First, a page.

ABOVE: MIKE HOLDEN, CALGARY-BASED CHIEF ECONOMIST AND ACTING VICE PRESIDENT OF CANADIAN MANUFACTURERS & EXPORTERS (CME)

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NOVEMBER 2016 // BUSINESS IN CALGARY // BUSINESSINCALGARY.COM


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// MANUFACTURING

construction is nine per cent, professional, scientific and technical services are seven per cent and manufacturing is six per cent. Other notable segments of the Calgary business region are transportation, wholesale trade, retail trade, health and social services, and other business services. Consultants and analysts agree, Calgary has transformed itself into a modern economy with a large services sector, while balancing it with its resource extraction. “Manufacturing employment in the Calgary region is fairly equitably distributed across several manufacturing industries,” the CME’s Holden points out. “The top manufacturing employers of the region are fabricated metal products, machinery and food with around 5,000 employees each. The furniture, chemical products and printing industries also have a sizable employment level. “However, the overall manufacturing employment levels have been in decline since 2006, dropping from around 48,000 to around 40,000 in 2013. Minor increases in manufacturing employment are expected during the next decade. “There’s no doubt about it – the low dollar helps on the export side. But diversification and higher energy prices are the key for manufacturing and exports. Our manufacturers haven’t really done more poorly than American manufacturers. They planned on a strong recovery of the U.S. economy, and it hasn’t really happened.” Despite number crunching and positive projections for Calgary manufacturing, the CME is cautious about yet another manufacturing sector speed bump on the horizon. It predicts the Calgary region will experience significant recruitment challenges in the manufacturing industry, facing a shortage of over 7,000 workers over the next 10 years, due primarily to: • A large demographic challenge, because the manufacturing workforce is older than the overall labour force and, as workers retire in the next 10 years, the manufacturing industry is projected to have difficulty filling skilled trades and technical positions. • Competition from other industries, because occupations such as sheet metal workers, electrical and electronics engineers and industrial mechanics are also highly in demand by other industries such as construction, utilities, and oil and gas. • Low levels of net migration will make it tougher to find workers. • Some occupations are harder to fill, due mostly to low supply. The Calgary area will be particularly challenged to find construction millwrights, electrical and electronics engineers, process control and machine operators, and industrial and manufacturing engineers.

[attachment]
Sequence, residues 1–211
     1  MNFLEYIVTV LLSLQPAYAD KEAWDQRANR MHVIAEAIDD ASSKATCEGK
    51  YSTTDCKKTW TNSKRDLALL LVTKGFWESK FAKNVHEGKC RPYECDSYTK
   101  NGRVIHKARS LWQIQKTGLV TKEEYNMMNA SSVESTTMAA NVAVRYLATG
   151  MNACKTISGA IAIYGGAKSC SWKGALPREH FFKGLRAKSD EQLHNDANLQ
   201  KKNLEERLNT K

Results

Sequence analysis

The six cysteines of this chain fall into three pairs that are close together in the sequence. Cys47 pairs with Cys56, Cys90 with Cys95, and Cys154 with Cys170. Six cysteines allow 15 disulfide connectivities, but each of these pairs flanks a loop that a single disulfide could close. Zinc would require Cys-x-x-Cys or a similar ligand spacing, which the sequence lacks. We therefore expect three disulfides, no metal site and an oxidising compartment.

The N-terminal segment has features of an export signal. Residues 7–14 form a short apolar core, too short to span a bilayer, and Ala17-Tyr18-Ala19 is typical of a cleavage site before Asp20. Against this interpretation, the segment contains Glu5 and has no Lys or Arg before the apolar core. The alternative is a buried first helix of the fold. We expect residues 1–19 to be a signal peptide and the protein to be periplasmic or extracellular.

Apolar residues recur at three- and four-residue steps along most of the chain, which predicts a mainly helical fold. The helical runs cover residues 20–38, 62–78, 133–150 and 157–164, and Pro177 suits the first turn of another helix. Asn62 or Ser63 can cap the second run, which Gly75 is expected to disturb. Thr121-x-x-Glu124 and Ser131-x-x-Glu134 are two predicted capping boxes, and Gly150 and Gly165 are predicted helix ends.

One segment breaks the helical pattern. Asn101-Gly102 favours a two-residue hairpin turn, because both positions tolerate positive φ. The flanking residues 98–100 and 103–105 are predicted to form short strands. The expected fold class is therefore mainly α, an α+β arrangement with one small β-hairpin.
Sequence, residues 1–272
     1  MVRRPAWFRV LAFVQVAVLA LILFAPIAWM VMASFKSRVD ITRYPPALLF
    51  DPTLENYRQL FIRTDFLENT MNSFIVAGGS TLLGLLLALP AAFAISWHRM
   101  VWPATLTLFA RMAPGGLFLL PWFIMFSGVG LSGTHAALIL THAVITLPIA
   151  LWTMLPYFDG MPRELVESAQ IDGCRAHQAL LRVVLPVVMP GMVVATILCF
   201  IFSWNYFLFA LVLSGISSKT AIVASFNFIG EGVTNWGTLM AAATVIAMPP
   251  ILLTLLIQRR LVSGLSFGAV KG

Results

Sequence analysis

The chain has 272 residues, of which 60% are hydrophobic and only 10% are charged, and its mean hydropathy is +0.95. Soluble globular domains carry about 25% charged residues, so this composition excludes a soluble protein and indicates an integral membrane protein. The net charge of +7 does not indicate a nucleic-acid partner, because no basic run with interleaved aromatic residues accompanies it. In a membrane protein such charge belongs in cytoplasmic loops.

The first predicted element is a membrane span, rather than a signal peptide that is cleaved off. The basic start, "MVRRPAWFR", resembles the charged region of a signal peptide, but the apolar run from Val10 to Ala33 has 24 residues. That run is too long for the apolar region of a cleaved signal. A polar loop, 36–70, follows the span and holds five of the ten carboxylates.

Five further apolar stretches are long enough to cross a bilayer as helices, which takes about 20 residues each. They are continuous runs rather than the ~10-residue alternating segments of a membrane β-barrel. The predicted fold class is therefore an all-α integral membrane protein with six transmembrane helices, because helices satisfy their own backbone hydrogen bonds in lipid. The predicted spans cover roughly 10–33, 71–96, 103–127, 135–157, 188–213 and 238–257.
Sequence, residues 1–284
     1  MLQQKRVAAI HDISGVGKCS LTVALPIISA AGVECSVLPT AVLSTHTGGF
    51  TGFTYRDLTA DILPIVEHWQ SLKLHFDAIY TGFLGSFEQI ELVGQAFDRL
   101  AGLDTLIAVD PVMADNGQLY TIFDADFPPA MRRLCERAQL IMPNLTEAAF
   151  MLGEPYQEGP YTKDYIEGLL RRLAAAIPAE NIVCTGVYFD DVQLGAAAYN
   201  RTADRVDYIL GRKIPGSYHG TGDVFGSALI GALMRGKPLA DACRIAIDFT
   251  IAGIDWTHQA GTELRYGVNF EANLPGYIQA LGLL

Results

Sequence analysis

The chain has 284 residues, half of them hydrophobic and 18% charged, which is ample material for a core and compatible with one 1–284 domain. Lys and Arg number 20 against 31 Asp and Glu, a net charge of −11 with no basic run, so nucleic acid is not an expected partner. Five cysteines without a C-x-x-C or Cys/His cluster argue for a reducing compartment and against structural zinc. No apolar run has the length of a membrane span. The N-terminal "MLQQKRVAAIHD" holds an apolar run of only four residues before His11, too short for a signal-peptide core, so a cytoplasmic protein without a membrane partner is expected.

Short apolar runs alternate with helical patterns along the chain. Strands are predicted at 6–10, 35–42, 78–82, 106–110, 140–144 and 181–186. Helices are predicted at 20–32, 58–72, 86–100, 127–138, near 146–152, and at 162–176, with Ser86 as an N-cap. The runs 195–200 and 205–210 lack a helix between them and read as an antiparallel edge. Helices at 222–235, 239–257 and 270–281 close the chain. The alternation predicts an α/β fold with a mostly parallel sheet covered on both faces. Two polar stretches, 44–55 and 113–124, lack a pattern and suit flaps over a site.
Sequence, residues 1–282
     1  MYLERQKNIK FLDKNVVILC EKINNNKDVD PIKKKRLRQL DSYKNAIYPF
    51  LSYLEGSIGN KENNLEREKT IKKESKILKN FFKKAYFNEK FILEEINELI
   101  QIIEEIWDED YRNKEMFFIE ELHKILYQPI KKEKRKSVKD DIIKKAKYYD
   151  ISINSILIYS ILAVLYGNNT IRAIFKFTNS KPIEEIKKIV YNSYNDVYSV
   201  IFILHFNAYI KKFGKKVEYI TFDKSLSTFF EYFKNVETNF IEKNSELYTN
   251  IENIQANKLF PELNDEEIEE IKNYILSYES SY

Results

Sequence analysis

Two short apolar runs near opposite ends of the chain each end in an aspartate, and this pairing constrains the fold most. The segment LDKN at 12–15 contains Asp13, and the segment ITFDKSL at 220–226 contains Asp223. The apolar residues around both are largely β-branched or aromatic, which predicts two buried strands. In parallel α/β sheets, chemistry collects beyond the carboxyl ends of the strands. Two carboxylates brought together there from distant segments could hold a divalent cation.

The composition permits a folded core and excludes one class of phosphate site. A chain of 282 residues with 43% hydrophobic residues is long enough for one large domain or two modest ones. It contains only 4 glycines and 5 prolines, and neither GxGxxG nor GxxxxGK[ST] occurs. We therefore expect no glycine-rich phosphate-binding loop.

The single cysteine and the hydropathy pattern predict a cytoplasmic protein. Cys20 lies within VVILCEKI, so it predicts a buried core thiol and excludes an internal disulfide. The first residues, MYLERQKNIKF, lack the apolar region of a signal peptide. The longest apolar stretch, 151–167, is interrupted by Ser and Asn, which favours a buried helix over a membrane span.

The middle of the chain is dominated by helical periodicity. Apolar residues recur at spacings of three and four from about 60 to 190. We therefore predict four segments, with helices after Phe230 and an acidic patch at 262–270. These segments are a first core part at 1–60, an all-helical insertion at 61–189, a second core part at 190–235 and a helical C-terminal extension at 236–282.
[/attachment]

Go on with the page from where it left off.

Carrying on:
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NOVEMBER 2016 // BUSINESS IN CALGARY // BUSINESSINCALGARY.COM